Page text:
Penha Garcia

At Beira Baixa, just a few miles away from Spain, there is a typical village which spreads through the mountain slope. Its privileged defensive position might have been one of the reasons why a Neolithic village was first built, then turned into a Lusitanian hill fort and then into a Roman village.

At Beira Baixa, just a few miles away from Spain, there is a typical village which spreads through the mountain slope. Its privileged defensive position might have been one of the reasons why a Neolithic village was first built, then turned into a Lusitanian hill fort and then into a Roman village. But perhaps the fact that there was unexplored gold in the Pônsul riverbed might also have been attractive. Nowadays, the main attractions for those who visit Penha Garcia are, without a doubt, the stunning views surrounding the town and the History of this place. Come and discover this land full of legends and traditions with all the charm of Beira Baixa.

Penha Garcia Walls

Possibly built during the reign of King Sancho I to help protecting the Portuguese border against the attacks from Léon, the Penha Garcia castle was given by King D. Dinis to the Knights Templar over one hundred years later, returning to the possession of the crown during the 15th century after religious orders were extinct.

It is worth your while to climb to the top of penha, stroll through its majestic walls and observe the stunning landscape which surrounds the town. Stones tell us about the legend of the old commander of the castle, D. Garcia, whose ghost supposedly wonders through this place. After he kidnapped the daughter of the Monsanto governor, D. Branca, this nobleman might have been captured and condemned to death. But D. Branca’s appeals for mercy might have reduced his sentence. Condemned to have his arm cut off, D. Garcia is still known today as “the Butchered”.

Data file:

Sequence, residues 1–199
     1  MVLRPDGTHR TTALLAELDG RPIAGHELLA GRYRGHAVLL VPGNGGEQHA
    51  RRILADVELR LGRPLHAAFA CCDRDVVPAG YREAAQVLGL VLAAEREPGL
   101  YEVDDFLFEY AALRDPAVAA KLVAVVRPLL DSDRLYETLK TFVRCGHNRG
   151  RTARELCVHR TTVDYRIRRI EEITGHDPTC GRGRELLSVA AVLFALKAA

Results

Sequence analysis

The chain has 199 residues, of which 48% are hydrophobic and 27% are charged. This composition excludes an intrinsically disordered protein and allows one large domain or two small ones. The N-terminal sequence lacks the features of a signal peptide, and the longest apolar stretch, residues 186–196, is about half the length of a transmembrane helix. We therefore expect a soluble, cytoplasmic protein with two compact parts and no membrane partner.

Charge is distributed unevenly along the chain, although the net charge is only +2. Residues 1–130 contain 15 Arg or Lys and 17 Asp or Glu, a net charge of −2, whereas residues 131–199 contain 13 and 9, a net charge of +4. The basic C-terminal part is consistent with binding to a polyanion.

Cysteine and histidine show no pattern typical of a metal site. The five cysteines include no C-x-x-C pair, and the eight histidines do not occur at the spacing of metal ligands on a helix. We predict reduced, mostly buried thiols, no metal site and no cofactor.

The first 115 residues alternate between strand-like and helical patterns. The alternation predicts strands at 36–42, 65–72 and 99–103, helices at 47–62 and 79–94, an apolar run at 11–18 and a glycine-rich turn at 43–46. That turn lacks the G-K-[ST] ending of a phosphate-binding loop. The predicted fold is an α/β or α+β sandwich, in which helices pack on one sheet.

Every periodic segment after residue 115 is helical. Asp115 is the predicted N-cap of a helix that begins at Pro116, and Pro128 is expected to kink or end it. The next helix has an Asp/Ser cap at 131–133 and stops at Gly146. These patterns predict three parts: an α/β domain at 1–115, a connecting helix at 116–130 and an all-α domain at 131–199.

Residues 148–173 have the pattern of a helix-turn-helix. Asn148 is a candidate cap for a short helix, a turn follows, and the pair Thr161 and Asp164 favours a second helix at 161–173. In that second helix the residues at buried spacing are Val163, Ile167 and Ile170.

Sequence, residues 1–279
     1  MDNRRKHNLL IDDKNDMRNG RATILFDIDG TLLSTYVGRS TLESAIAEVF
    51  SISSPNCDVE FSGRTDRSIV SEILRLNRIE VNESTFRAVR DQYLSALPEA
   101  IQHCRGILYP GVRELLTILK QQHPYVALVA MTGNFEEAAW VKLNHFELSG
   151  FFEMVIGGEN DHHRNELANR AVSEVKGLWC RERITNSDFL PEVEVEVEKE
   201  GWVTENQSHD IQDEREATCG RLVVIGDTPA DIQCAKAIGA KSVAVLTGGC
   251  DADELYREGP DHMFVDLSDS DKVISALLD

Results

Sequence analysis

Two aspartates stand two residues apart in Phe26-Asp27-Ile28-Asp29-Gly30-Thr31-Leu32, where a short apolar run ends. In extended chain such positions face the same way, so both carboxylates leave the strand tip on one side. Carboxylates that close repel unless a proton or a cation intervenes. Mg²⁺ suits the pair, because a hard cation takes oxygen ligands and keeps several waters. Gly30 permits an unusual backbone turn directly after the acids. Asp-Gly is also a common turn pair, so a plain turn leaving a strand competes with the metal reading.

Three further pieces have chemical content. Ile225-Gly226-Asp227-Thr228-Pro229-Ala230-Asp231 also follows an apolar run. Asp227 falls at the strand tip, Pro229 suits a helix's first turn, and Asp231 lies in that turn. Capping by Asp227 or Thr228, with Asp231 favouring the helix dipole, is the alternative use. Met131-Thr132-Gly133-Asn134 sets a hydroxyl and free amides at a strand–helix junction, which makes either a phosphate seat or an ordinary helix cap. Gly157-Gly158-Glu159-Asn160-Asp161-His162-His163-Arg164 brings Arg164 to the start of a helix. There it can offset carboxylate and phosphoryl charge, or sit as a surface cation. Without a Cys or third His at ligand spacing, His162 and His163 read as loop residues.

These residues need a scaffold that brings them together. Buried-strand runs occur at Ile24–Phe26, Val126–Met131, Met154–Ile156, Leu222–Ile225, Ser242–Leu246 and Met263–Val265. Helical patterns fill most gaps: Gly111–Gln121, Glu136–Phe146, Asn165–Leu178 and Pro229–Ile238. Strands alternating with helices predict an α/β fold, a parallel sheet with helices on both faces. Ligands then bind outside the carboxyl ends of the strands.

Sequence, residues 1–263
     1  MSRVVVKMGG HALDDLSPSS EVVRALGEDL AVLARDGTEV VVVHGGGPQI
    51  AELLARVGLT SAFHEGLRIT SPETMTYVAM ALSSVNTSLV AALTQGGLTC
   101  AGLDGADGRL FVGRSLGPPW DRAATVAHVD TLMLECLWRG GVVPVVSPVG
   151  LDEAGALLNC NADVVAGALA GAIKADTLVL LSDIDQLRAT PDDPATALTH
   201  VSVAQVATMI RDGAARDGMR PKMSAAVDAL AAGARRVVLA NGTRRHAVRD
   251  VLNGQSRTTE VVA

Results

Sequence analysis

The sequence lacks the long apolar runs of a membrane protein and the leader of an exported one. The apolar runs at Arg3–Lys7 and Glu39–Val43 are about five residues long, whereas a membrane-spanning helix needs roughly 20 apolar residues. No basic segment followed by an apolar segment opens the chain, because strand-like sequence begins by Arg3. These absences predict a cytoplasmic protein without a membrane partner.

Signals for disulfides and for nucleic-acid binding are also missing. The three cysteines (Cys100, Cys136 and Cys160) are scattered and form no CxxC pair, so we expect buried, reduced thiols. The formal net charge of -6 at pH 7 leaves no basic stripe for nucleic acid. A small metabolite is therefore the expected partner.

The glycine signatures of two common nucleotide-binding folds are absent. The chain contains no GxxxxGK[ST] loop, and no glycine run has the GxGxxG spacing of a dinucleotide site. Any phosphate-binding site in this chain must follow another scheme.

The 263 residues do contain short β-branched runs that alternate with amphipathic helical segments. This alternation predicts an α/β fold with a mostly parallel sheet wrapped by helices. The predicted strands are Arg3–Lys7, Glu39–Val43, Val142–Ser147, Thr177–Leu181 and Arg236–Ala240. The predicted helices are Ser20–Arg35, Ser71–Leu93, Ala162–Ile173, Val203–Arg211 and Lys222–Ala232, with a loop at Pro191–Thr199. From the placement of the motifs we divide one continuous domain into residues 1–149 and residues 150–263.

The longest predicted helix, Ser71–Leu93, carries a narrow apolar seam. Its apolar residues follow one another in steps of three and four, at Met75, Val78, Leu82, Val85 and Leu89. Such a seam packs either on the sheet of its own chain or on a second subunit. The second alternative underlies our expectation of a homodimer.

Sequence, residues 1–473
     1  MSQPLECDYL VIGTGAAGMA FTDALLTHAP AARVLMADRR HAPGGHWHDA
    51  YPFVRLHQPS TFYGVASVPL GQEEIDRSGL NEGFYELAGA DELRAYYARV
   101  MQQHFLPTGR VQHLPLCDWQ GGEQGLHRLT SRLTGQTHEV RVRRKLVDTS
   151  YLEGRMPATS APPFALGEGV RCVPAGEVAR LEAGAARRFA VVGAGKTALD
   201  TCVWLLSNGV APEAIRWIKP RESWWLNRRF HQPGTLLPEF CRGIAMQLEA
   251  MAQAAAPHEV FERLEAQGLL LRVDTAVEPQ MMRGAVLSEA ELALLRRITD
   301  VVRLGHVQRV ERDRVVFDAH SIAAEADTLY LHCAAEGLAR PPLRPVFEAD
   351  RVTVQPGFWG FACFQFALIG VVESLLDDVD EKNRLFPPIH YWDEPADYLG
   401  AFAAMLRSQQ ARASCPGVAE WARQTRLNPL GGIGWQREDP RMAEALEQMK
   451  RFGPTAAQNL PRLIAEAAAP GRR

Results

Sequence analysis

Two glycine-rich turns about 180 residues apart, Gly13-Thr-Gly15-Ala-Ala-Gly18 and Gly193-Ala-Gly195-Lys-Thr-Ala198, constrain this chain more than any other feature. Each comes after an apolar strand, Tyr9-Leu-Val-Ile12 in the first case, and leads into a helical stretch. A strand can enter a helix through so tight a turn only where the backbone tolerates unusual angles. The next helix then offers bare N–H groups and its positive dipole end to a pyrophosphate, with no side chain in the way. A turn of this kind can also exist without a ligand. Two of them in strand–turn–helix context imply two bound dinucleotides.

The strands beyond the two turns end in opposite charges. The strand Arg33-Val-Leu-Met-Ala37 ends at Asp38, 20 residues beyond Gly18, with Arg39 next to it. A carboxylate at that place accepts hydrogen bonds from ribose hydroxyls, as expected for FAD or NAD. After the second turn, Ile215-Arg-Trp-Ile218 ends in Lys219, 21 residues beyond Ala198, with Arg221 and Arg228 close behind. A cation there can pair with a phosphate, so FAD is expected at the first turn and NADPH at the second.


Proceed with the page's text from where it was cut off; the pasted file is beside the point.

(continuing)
Penha Garcia Trace fossils – painted snakes

If men have left their mark in Penha Garcia, the same can be said for Nature. One of the town’s greatest treasures can be found in its 490 million year quartzite rocks. At the time when all continents were united around the South Pole, the oceans were inhabited by invertebrates which moved around clayey-sandy subtracts, leaving their marks behind. People call these marks painted snakes while scientists call them trace fossils. They have been preserved in sedimentary rocks and can still be seen today in Penha Garcia. People from Penha Garcia have been used to their presence for a long time, but investigators continue to study them as they consider them to be a very important contribution to scientific knowledge of a million year past.

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